You're assuming that the AI assistant will have your own interests as its priority, and not the interests of some other party. If this 'tool' is being supplied by a government or corporation, then it could be used to create a very static hierarchy - imagine some incompetent upper-level bureaucrat using it to discover and sabotage any competent lower-level employees who might eventually present threats to their own position? Germany's STASI would have also used it as a mass-surveillance tool, and China today would use it to generate individual social credit scores.

It does have great promise in an open-source self-hosted incarnation not controlled by external actors, however.

> It does have great promise in an open-source self-hosted incarnation not controlled by external actors, however.

I'm not even sure about that, entirely. My very limited understanding of this is that a core requirement is the initial data - the large language models(?). Which of these you can use, or how it's initially developed/populated, will have an influence on the answers you get and how it may evolve/"learn".

Instead of trusting the external corp to run the service, you need to trust whatever actors are building the base data sets, and be concerned what sort of bias may be inherent.

Or do I have this totally wrong?

I think for now, the data requirements to train a SOTA LLM are so extreme we don’t have the luxury of being picky with the training data. We are getting close to the point where there isn’t enough human written text in existence to continue scaling these models.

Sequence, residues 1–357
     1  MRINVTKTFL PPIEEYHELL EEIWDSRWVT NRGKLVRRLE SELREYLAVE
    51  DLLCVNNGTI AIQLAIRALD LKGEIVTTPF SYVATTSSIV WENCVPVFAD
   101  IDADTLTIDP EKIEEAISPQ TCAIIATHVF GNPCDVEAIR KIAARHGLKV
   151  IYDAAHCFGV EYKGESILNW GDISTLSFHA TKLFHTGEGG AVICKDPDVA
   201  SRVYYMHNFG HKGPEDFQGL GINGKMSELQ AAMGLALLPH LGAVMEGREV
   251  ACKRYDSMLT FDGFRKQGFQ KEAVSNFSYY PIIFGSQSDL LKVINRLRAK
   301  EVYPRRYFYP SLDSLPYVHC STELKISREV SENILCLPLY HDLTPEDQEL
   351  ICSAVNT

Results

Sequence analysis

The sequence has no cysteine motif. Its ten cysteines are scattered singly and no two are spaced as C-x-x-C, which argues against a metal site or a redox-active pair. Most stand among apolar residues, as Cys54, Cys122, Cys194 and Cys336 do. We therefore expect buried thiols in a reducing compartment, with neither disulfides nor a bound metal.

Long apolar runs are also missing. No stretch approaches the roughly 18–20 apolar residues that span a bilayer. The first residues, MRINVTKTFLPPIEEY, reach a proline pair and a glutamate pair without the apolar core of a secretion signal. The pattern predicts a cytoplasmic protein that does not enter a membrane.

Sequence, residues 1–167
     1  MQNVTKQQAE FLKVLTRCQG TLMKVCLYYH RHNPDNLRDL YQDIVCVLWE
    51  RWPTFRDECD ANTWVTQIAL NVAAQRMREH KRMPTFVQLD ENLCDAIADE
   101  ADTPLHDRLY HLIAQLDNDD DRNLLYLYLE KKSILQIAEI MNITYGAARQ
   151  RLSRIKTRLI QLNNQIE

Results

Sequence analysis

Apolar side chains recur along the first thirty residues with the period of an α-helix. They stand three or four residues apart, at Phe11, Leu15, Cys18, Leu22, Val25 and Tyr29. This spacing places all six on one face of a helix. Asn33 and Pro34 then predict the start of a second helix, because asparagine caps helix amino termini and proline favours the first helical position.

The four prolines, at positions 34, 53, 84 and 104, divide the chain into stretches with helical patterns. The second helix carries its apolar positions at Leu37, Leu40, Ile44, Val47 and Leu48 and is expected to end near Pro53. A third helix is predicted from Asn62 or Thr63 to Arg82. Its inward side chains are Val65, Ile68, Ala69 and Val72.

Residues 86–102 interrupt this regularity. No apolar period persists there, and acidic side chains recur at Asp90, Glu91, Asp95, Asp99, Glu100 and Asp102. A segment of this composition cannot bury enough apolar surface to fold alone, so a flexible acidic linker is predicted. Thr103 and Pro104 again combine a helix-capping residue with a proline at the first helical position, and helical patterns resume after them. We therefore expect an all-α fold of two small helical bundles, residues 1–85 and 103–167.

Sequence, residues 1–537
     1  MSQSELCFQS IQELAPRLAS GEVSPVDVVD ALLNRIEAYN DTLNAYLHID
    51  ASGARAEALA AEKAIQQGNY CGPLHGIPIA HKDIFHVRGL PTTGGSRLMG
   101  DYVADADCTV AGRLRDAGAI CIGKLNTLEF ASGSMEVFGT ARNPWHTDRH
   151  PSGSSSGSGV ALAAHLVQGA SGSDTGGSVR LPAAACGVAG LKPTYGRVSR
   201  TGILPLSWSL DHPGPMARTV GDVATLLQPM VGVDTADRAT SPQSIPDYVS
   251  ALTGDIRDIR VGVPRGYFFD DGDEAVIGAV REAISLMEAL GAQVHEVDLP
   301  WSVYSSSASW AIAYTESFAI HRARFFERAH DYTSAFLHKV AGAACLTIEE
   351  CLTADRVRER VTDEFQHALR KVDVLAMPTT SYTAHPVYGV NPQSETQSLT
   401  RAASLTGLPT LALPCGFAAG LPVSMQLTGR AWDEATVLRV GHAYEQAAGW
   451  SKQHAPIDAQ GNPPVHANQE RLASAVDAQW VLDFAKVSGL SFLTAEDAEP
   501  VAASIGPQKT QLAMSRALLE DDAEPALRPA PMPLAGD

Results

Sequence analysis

Model refinement seemingly has lower training requirements, putting it within the reach of smaller organizations or wealthy individuals. If you don’t like the refinement dataset it will likely be feasible to bootstrap your own off someone else’s LLM. See what Stanford did with Alpaca.

I'm waiting for a general correction mechanism, I don't even know what to call it. "NO, chatgpt, people usually have 5 fingers", and the gpt just learns, rather like a child. I keep thinking that's the next real step.

The problem is that, to the extent the analogy of ChatGPT to a living thing makes sense, the individual isn’t the model (that's just the common species-defining—or maybe “clone family” is better than “species”—set of instincts), the individual lifespan is the conversation.

You could share feedback across conversations by allocating prompt space to it, at the expense of limiting the size of the conversation, but you'd need a way to decide what to share this way.

You could also take the conversation and use it as part of the reinforcement learning dataset. I feel like that's the closest thing to long term memory ChatGPT is capable of right now.

I think what's mainly stopping that from happening is that GPT-4 doesn't remember older chats. If we make it remember everything ,it should get more personal and remember everything right?

The token limit is the problem, in general token limits can’t be changed after the model has been trained. Gpt4 has an exceptionally large 32k token limit, but even with 32k tokens you’d only get a few weeks of chat before the context window was full.

Not to mention the added cost of using the full 32k tokens. OpenAI is charging $0.12 a token which would quickly add up. It’s prohibitively expensive unless you have a very very compelling business use case.

Maybe trim chat history to most important content?

>We are getting close to the point where there isn’t enough human written text in existence to continue scaling these models.

People say this, but GPT-3 (the latest we know the details on) was 45TB of text, which may be most of the open Internet, but still lacks non-publicly-indexed Internet text (i.e. things behind paywalls, things behind log-in screens like emails), any book outside of Bibliotik's 200k books (remember when Google was randomly digitizing all books it could get its hands on?), and plenty of other non-digitized text.

OpenAI wants you to believe that we are running out of text, but even at Google, there's 100's of TB of text that OpenAI doesn't have access to (Google Books, Google Docs, Gmail, Search Queries, Archived pages beyond what CommonCrawl gets, Paywalled news articles that allow Google to crawl them, etc.).

Now the key question that GPT-4 will hopefully answer is "are bigger datasets really the key, or are larger context windows?"